Natural background a key factor to success

The company’s success has always been based on the two key elements of product development and quality.

“It is fortunate that we are located in a Northern country where the natural conditions are difficult. When a piece of machinery works here, it works everywhere else. Finland also has solid bedrock of granite and other types of hard rock with low overburden, which gives us another good base for developing the machines to do the job in extremely hard rock,” says Teemu Teelahti.

A further advantage of the location is the small size of the country. To grow and to be successful the company needed to invest in export from the beginning, and that is what Rammer has done from the start. The company, which has 210 employees, has always been located in Lahti in the South of Finland. There are now two separate factory buildings, one for breakers and the other for demolition tools.

The wide range becoming wider

All sorts of construction projects make 80% of Sandvik Breakers’ sales and the rest is divided between mining, quarrying, demolition and recycling. Sandvik Breakers has always been in the forefront of technical development and has
brought to the market many innovations.

The company’s current range of hydraulic breakers is as large as can be expected from the leading manufacturer. The breaker range is next to complete, but in demolition tools the product offering is incomplete. “We know that in tools we need more products, but as this business is expanding we will naturally enlarge our offering and bring new machines to the market,” says Teemu Teelahti.

Innovations bring success

Right from the beginning of Rammer the breaker manufacturer has been in the forefront of technical development.

There has been quite a few firsts that later have become industry standards when the competition has adopted them. These innovative solutions include such cases as the world’s largest hammer manufactured in 1981, the innovative low-noise City Series introduced in 1991, and the in-Series of 2004.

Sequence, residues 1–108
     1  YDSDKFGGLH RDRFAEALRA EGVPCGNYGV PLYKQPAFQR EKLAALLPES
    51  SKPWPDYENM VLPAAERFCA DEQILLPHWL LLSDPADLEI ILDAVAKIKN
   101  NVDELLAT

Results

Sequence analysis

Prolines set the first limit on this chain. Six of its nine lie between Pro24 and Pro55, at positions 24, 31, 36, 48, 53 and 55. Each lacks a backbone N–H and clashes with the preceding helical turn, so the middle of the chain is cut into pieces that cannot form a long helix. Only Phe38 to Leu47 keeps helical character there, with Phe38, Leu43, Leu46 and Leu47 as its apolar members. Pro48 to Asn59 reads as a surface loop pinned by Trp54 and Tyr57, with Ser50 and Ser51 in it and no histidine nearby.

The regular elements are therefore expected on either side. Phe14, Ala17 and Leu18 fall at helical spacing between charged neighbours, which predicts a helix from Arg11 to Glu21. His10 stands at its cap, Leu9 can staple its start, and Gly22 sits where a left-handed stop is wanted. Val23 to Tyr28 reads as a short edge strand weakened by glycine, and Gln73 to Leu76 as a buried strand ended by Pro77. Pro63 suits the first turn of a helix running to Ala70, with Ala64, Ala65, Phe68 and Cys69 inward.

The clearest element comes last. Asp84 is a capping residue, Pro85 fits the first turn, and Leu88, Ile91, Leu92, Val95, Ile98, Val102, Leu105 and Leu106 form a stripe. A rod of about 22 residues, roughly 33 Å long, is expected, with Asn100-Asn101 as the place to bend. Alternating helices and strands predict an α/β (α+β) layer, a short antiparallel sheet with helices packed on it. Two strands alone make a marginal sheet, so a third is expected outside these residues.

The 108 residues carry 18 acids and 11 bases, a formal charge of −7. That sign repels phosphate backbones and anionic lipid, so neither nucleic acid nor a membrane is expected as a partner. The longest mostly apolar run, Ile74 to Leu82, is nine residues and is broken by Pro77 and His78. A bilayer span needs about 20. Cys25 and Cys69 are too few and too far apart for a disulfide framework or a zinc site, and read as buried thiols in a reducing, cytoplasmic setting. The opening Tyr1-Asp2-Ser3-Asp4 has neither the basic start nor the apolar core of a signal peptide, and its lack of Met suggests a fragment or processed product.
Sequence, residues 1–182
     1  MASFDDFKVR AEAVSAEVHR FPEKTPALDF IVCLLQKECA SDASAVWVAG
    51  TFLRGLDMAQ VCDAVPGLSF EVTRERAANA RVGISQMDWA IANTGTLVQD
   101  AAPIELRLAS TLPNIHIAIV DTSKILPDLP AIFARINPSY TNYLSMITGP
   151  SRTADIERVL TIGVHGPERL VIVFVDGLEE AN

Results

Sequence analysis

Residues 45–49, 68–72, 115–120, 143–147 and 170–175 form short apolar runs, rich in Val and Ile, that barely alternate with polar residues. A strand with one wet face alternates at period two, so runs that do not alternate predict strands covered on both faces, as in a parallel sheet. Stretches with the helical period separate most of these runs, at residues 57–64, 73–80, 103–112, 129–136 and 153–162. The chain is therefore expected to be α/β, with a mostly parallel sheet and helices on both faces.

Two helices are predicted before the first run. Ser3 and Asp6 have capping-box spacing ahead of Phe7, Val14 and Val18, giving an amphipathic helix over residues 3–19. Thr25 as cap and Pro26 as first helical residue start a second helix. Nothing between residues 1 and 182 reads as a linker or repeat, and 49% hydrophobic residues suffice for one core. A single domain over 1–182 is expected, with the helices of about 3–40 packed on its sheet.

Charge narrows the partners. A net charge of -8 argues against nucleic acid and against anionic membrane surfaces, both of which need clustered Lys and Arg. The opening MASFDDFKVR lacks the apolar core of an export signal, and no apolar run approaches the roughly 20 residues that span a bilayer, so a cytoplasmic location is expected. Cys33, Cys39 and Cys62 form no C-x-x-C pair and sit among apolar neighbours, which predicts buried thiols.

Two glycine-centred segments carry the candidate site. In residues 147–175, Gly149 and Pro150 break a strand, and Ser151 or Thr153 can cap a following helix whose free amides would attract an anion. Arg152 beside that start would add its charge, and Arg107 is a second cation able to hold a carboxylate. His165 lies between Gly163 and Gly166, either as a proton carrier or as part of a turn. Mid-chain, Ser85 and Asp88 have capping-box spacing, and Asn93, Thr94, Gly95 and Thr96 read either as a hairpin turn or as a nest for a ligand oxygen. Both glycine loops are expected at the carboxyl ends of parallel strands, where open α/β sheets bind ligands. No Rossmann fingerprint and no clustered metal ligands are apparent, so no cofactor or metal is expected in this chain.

It all started with the first Rammer hammer. It was made so well that there were no teething problems and was ready to market right away. “Quality is the other cornerstone of our operation. We cannot be satisfied with compromises. Good quality also makes our after-sales actions easier and naturally results in satisfied customers,” says Teemu Teelahti. A recent example is a heat treatment plant erected two years ago. The plant is the largest such installation in Finland.

“Our position is also favourable in that being a part of Sandvik means that we have a solid base. The ups and downs of business affect us only a little, but we are able to continue business as usual,” adds Teemu Teelahti.

Customer support

Sandvik Breakers has introduced quite a few solutions to make the use of products more economic and safe in the short and long term. They include the monitoring analyser system Ramona and the automatic lubrication system Ramlube.

For customer support there are three central warehouses located in Finland, Holland and Singapore, eight further regional warehouses and 300 local warehouses.

The short history of Rammer

To some extent Rammer shares its early history with Tamrock. Rammer’s founding father was Teuvo Grönfors who had previously been the research and development manager of Tamrock. He left Tamrock in 1972 and established Rammer in 1978. At that time it was obvious that hydraulic hammers (breakers) were the right way to break rock and concrete.

The first hydraulic hammer had been introduced by the French company Montabert in 1969, but at the time when Rammer started the biggest manufacturer was the German company Krupp.
Soon Rammer penetrated the market with its own products. But to become a world class player, the company required more resources than Teuvo Grönfors was able to offer on his own and he sold Rammer in 1984 to the Finnish mining company Outokumpu, with a plan to invest in mining and construction related equipment manufacturing.

Teuvo Grönfors continued heading the Outokumpu manufacturing division and in 1984 Outokumpu acquired Roxon, a manufacturer of jaw crushers and conveyors based in a community next to Lahti. But later Outokumpu changed its strategy and sold Rammer and Roxon to Tamrock in 1997, which at that time was owned by Sandvik.

As reported by